“Malabsorption tests were studied in 52 patients with multiple sclerosis. The stools were examined microscopically for fat and undigested meat fibers and were found to be abnormal in 41.6 and 40.9% respectively. Malabsorption of Vitamin B12 was found in 11.9% cases…”
There are two basic components to autoimmune disease. The first is the "immune system" component triggered by the DNA and protein fragments entering the bloodstream. The second is the deficiency component that results from a lack of proteins. One of which would be vitamin B12, which was mentioned in the study.
There are immune cells called dendritic cells that will react to the foreign protein fragments and DNA. These cells then release cytokines such as tumor necrosis factor.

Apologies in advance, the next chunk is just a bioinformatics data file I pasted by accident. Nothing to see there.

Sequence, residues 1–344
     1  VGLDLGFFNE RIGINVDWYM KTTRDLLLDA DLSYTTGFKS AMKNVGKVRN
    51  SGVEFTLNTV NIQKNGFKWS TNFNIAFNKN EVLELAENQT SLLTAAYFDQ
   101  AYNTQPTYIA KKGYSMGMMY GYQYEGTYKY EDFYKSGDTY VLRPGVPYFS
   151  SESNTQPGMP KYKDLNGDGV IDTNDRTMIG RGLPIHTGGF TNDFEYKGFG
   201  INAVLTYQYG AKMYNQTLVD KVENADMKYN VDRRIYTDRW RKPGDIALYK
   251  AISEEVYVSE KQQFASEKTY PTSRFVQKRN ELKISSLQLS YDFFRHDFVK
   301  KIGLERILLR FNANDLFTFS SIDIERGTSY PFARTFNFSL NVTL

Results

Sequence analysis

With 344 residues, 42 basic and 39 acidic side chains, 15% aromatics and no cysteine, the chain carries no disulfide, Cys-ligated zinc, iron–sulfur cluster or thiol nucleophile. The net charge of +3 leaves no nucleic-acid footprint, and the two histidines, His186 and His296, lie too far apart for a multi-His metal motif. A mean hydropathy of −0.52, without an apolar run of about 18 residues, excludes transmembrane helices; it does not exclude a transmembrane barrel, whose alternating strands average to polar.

In the following study the researchers stated that emerging evidence indicates that dendritic cells play a critical role in the initiation and progression of MS.
Targeting dendritic cells to treat multiple sclerosis.
Comabella, M., X. Montalban, C. Münz, J.D. Lünemann. 2010. Nat Rev Neurol. 6(9):499-507. doi: 10.1038/nrneurol.2010.112. Epub 2010 Aug 17.
“Multiple sclerosis (MS) is considered to be a predominantly T-cell-mediated disease, and emerging evidence indicates that dendritic cells have a critical role in the initiation and progression of this debilitating condition…”
Here is one study that discusses dendritic cells in the initiation and progression of RA, but you can find many more if you do a search.http://www.ingentaconnect.com/content/b ... 6/art00004
These missing enzymes can explain every component of the disease process of MS and RA in a very direct biological way.